An Army intelligence specialist from Orange County who disappeared from his unit in West Germany for almost two weeks has been charged with espionage for allegedly giving East German authorities sensitive information on the defensive deployment of U.S. tanks and helicopters along the border between the two Germanys, an Army spokesman said Thursday.
The charges came after the East German government confirmed to the State Department that Spec. 4 Michael A. Peri, 21, an expert on Warsaw Pact radar equipment, had been in East Germany and had made contact with officials there.
“There was information that was obtained from the Ministry of Foreign Affairs of the German Democratic Republic that Peri was in their country and that Peri had contact with officials there,” said Lt. Col. Jake Dye, a spokesman for the 5th Army Corps in West Germany.
Dye declined to elaborate on this apparent act of cooperation by the East Germans, saying only that “you can draw your own conclusions.”
A State Department spokesman in Washington said the United States had asked the East Germans several weeks ago whether they knew of Peri’s whereabouts.
“Given the location of the unit on the border, we went to them,” a spokesman said. “But when the East Germans got back to us, they responded that he had been on their territory and was no longer on their territory, had gone to a country of his choosing. Then Peri turned himself in.”
Peri, whose family lives in Laguna Niguel, was being held in the Army Confinement Facility in Mannheim, West Germany, Dye said. He said Peri was formally charged Wednesday with espionage and illegally entering a Communist country, the German Democratic Republic.
The espionage charges stem from Peri’s 12-day disappearance from his 11th Armored Cavalry Regiment office in Fulda, West Germany. Peri was reported missing Feb. 21, and his jeep was found two days later about a mile from the East German border, prompting speculation that he may have defected while carrying sensitive information, possibly stored in a lap-top personal computer that he took with him.
Peri, wearing civilian clothes, returned to the base March 4, surrendered to military police and turned in the computer.
After a detailed investigation, Dye said the charges were brought when officials concluded that Peri had removed classified documents from a storage area, took them to East Germany and gave them to officials there.
Dye said the documents “related to the 11th Armored Cavalry’s general defense plans, basically how the unit envisions defending its own sector of responsibility” from attack with the use of tanks, helicopters and infantry.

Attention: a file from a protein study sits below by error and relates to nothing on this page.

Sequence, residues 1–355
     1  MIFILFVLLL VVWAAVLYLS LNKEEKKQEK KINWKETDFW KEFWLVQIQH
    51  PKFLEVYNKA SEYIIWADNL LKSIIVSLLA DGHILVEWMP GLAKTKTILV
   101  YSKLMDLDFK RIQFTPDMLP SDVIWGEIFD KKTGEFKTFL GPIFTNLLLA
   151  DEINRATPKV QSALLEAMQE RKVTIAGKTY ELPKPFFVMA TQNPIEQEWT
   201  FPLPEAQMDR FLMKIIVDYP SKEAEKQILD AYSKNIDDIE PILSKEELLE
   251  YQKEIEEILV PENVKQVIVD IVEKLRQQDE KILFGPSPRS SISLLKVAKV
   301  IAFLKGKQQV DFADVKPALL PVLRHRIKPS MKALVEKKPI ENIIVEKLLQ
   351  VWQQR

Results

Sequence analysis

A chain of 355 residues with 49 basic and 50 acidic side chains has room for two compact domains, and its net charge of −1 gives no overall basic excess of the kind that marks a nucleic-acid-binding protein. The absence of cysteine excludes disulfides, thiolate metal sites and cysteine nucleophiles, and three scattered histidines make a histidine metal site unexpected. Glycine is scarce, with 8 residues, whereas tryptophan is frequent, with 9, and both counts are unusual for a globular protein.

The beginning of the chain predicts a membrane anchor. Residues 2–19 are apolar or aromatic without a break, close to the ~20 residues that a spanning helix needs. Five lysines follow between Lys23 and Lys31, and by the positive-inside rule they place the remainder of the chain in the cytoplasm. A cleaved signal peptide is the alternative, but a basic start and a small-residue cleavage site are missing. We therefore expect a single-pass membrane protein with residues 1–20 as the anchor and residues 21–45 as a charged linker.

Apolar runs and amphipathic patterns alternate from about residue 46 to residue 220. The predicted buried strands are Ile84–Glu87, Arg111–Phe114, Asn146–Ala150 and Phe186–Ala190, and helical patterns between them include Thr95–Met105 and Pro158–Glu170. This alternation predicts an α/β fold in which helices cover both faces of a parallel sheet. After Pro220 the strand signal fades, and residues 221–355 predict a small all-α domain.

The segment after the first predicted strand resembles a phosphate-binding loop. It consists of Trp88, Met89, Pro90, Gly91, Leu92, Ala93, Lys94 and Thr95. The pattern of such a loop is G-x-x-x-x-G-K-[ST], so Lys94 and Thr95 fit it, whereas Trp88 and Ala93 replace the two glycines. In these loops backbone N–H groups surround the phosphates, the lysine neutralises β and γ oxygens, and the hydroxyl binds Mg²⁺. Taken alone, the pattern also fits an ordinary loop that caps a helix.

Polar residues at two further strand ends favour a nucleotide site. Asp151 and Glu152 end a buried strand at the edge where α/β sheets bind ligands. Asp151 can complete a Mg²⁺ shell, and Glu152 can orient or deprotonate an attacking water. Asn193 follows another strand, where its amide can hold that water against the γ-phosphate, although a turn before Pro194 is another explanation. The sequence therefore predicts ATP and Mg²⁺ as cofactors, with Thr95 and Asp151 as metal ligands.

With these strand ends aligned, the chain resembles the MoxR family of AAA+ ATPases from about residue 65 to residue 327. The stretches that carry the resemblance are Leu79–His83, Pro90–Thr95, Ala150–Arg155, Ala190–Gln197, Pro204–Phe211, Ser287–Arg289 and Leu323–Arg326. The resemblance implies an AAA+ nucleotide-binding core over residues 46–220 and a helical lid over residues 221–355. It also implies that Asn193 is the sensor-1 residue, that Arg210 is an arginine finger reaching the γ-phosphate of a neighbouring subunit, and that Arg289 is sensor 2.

Peri’s duties at Fulda were to intercept non-communication signals such as radar, and Army officials said that he had access to classified information “at a certain level.”
The regiment provides early warning of Warsaw Pact troop movements to American military units in Germany, surveying the East-West German frontier around the clock. The Fulda Gap, a traditional invasion route to Western Europe, would likely be an area of major tank concentration in a conventional war.
Dye declined to say if the information Peri allegedly gave to the East Germans was stored in the computer or was in document form. The Army also would not say exactly where Peri allegedly crossed the heavily guarded and patrolled German frontier.
Maj. William G. Stokes, senior defense counsel for the Trial Defense Service in Frankfurt, West Germany, has been appointed to represent Peri in his upcoming military trial. Stokes referred all questions to Dye’s office.
Before his arrest, Peri, who has been stationed in West Germany since March 1988, was described by Army officials as “a good clean-cut soldier” who had a “perfect record.”
“He had been promoted and nominated for ‘soldier of the month’ twice in the year he has been here,” Dye said earlier this month. “That’s what makes it so baffling.”
After his disappearance, Peri’s relatives dismissed speculation that he could have defected but recalled that during a visit home last Christmas, he seemed interested in intelligence work.
“He told me he was going to put his time in military intelligence and after he came out, he was going to go back to college,” said Peri’s uncle, Bob Andre of La Habra. “Then, with his college degree and a background in intelligence, he was going to apply for a job with the CIA.”
Jackie Andre, Peri’s aunt, said her nephew was quiet, did not drink and was “not wild at all.”
Times staff writer Melissa Healy, in Washington, contributed to this article.